Teaching the Atonement, Part 1: Discovering Discord in My Students

As we enter April and Good Friday and Easter are only a few away, it seems a good time to share some experiences from a recent unit I taught on the atonement. I hope this four-part series proves helpful for you in your teaching, but I also hope it serves as a way to prepare your heart for the remembrance of Christ’s sacrifice and the celebration of His resurrection.

Recently I have been delving into the topic of the atonement with my high school senior worldview class. I wasn’t really planning on it, but as I think C. S. Lewis once said, “one can’t be too careful about what one reads.” He, if I recall correctly, was talking about the dangers posed to a young atheist who reads Christian books in the Great Tradition. I am speaking more of what one assigns his students to read that will lead to difficult questions. Anyway, I found myself facing questions about whether or not the wrath of God was poured out on Jesus and whether Jesus saved us from the Father. Needless to say, my weekend plans changed, and I began diving once again into a topic I had honestly set aside for a time. There was a reason I did.

Back in seminary I received a heavy dose of penal substitutionary atonement. It was, I was taught to understand, the orthodox view of the church, suggesting that all other views were either unorthodox or less than helpful. I can’t say I ever fully bought into that generalization, but I certainly was influenced by it. Then I began reading some of the early church fathers and found that none of them seemed to talk about penal substitutionary atonement at all. Again, not that they denied it, but it certainly wasn’t something to which they were giving direct attention.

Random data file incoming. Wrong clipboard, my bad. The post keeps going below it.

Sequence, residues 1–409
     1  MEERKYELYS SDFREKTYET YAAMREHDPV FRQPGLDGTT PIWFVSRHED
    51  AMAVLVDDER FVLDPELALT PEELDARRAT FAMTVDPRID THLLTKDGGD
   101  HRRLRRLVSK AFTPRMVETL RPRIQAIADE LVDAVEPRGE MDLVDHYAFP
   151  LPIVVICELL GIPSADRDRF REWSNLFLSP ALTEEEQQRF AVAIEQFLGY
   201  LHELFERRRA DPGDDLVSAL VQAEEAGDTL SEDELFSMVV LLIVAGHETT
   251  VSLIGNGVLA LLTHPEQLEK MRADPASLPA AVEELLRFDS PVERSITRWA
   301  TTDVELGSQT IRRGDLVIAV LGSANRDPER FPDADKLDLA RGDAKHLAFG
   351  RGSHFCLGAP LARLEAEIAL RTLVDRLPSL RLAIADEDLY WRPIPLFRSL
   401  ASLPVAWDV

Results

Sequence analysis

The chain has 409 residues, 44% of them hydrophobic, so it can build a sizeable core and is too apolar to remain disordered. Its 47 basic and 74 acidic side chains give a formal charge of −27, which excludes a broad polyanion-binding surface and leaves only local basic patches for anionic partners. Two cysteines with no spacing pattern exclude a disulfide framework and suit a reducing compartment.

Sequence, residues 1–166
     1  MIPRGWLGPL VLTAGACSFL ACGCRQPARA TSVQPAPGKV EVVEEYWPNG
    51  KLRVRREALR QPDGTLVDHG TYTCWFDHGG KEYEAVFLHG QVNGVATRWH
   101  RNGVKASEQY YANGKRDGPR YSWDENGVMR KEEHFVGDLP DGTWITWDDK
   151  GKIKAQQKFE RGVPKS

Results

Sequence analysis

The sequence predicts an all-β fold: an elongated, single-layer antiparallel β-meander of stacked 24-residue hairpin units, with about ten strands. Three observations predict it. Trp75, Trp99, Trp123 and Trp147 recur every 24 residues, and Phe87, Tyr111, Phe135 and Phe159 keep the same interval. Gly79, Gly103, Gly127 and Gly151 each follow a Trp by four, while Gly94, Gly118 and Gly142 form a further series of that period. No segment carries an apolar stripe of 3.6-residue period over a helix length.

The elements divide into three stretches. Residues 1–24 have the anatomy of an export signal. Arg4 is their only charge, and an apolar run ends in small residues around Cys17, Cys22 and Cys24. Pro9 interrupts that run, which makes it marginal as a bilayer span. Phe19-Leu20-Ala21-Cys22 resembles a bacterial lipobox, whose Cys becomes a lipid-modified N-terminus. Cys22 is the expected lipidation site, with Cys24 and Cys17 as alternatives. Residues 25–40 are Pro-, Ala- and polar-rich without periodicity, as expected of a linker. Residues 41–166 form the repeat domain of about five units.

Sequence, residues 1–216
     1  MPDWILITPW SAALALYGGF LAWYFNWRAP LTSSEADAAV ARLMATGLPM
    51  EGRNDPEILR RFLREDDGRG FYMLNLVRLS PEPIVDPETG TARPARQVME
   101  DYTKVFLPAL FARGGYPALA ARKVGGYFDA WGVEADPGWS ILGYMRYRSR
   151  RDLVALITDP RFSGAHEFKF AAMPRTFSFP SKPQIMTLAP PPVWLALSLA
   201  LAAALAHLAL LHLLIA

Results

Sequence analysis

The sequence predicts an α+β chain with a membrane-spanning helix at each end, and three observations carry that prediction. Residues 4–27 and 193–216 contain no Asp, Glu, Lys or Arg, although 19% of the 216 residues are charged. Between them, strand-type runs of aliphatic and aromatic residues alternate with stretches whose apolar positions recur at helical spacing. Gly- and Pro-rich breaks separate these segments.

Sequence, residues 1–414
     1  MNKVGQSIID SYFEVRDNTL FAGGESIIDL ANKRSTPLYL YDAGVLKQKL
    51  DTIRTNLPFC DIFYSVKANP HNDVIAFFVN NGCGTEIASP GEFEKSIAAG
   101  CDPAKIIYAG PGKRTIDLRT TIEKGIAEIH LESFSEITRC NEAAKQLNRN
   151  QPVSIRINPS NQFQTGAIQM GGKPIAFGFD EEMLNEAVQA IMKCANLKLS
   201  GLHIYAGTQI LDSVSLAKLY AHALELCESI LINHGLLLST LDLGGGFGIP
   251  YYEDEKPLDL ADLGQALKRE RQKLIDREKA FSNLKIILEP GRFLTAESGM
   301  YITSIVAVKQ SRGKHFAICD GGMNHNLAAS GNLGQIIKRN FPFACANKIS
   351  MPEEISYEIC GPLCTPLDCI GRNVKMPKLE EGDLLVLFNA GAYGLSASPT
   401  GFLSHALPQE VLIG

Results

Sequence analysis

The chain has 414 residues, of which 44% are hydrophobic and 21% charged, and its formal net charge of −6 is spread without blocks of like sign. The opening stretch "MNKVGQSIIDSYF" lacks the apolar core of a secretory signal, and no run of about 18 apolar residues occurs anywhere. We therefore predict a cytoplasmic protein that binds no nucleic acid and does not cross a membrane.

Around the same time I began studying the Epistle to the Hebrews and Pauline Theology in my PhD work and got engrossed in books on justification and the New Perspective on Paul. I realized that much of what I saw in Scripture didn’t mesh with the penal substitution view—at least not exclusively—and I saw strong evidence for aspects of the Christus Victor view, and similarly strong points for most of the theories. Around this time, however, I was completing my comprehensive exams in Old Testament studies and working on my dissertation, neither of which afforded me much time to delve into atonement theories.

And so for three and a half years now since my PhD graduation, I have moved on to other reading interests, but the question of the atonement gnawed at my mind. Last spring I read about 1/3 of Athanasius’ On the Incarnation with my students. This spring I read about 2/3 of it. The question really couldn’t be ignored for much longer, so I’m grateful that I happened to assign books to my seniors that would raise questions that I didn’t really want to answer yet, but knew that I needed to soon.

So here I am, wrestling with how to articulate the depths of Christ’s work on the cross while still trying to reconcile points in my own mind on what I really believe the Scriptures say. In my next post I’ll reflect on some of my and my student’s questions on the atonement and propose some thoughts about how to wrestle with the various theories of the atonement.

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